edited by Meagan Ayer et al.
Genitive with Special Verbs
357. The genitive is used with certain special verbs.
a. The genitive sometimes follows potior (get possession of); as always in the phrase potīrī rērum (to be master of affairs).
illīus rēgnī potīrī (Fam. 1.7.5)
to become master of that kingdom
Cleanthēs sōlem dominārī et rērum potīrī putat. (Acad. 2.126)
Cleanthes thinks the sun holds sway and is lord of the universe.
Note— But potior usually takes the ablative (see § 410).
b. Some other verbs rarely take the genitive.
1. By analogy with those mentioned in § 354.
neque hûius sīs veritus fēminae prīmāriae (Ter. Ph. 971)
and you had no respect for this high-born lady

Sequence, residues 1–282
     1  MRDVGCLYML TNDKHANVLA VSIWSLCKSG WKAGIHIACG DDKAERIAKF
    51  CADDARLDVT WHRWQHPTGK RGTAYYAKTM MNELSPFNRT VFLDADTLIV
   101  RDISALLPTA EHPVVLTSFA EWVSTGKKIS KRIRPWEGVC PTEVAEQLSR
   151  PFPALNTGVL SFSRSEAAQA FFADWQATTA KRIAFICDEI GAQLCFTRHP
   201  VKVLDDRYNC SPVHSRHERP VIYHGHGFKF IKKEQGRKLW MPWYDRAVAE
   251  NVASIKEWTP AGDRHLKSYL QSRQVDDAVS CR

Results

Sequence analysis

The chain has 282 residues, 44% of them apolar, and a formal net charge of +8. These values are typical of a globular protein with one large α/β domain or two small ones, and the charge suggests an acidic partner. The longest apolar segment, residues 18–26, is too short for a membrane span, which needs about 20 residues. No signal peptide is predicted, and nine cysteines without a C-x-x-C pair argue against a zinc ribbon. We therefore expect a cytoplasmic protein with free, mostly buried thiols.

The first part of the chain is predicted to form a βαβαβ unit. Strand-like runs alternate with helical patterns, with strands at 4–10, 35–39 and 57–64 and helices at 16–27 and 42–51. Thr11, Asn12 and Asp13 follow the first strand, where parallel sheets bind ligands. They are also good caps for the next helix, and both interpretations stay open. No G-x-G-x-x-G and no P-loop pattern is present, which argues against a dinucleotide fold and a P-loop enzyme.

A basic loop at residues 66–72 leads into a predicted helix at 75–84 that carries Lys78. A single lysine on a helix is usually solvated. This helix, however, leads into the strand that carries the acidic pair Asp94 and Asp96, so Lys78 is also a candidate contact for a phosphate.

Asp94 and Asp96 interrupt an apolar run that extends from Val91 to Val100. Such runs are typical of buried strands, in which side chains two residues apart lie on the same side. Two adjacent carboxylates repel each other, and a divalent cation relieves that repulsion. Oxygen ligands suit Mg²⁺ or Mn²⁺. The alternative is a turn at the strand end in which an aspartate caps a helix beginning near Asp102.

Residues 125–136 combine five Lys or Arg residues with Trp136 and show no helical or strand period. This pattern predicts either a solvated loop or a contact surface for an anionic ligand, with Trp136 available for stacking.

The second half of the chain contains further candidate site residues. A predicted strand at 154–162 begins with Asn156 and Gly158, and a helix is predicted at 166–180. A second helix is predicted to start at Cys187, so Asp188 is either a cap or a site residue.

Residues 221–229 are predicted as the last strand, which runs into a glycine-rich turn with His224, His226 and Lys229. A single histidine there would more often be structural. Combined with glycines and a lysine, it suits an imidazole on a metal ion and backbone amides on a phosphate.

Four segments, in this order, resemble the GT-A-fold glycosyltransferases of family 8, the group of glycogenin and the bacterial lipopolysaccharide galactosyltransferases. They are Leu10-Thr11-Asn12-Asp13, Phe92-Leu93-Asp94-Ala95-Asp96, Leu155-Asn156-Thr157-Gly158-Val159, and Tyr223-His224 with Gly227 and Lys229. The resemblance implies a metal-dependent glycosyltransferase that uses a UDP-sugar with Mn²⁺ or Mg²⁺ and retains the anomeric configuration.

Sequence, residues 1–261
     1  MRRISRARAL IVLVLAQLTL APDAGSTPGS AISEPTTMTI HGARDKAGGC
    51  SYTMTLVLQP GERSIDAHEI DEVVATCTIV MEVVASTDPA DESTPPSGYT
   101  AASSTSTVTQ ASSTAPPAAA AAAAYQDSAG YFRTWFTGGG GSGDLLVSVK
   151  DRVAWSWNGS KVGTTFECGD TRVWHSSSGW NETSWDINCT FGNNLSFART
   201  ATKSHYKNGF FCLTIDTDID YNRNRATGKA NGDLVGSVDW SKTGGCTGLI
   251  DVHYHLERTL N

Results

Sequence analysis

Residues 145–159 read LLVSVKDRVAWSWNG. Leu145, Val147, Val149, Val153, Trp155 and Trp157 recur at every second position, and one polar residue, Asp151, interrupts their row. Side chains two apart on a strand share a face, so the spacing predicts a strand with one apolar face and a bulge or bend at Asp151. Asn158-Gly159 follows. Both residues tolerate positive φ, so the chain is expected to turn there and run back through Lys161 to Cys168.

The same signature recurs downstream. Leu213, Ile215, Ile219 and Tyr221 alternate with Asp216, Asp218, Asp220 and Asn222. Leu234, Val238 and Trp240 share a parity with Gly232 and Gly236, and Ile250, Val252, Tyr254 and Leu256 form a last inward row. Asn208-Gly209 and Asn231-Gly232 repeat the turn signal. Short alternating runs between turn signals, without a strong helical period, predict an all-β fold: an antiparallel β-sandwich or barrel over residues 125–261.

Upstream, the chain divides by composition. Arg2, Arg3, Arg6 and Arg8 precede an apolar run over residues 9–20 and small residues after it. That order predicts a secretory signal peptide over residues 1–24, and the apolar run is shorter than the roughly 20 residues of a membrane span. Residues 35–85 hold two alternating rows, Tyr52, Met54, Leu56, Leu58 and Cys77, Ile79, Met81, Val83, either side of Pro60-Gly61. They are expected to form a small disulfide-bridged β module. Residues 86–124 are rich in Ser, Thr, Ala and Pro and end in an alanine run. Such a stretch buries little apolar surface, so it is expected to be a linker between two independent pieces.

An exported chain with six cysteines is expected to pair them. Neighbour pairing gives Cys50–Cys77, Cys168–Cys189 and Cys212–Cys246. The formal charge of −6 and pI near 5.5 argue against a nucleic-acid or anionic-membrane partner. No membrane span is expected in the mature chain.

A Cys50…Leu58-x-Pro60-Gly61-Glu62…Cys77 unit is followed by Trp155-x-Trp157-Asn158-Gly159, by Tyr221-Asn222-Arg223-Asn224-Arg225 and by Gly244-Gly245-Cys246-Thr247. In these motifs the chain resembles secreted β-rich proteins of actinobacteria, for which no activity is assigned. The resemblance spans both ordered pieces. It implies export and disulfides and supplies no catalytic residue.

2. As akin to adjectives which take the genitive.
Fastīdit meī. (Plaut. Aul. 245)
He disdains me.
Studet tuī. (quoted N. D. 3.72)
He is zealous for you.
3. In imitation of the Greek.
Iūstitiaene prius mīrer, bellīne labōrum? (Aen. 11.126)
Shall I rather admire his justice or his toils in war?
Neque ille sēpositī ciceris nec longae invīdit avēnae. (Hor. S. 2.6.84)
Nor did he grudge his garnered peas, etc.
[But cf. invidus, parcus]
Labōrum dēcipitur. (Hor. Od. 2.13.38)
He is beguiled of his woes.
Mē labōrum levās. (Pl. Rud. 247)
You relieve me of my troubles.
358. The apparent genitive animī (really locative) is used with a few verbs and adjectives of feeling and the like.
Antiphō mē excruciat animī. (Ter. Ph. 187)
Antipho tortures my mind. (me in my mind)
quī pendet animī (Tusc. 4.35)
who is in suspense
Mē animī fallit. (Lucr. 1.922)
My mind deceives me.
So, by analogy:
Dēsipiēbam mentis. (Pl. Epid. 138)
I was out of my head.
sick at heart
disturbed in spirit
sānus mentis aut animī (Pl. Trin. 454)
sound in mind or heart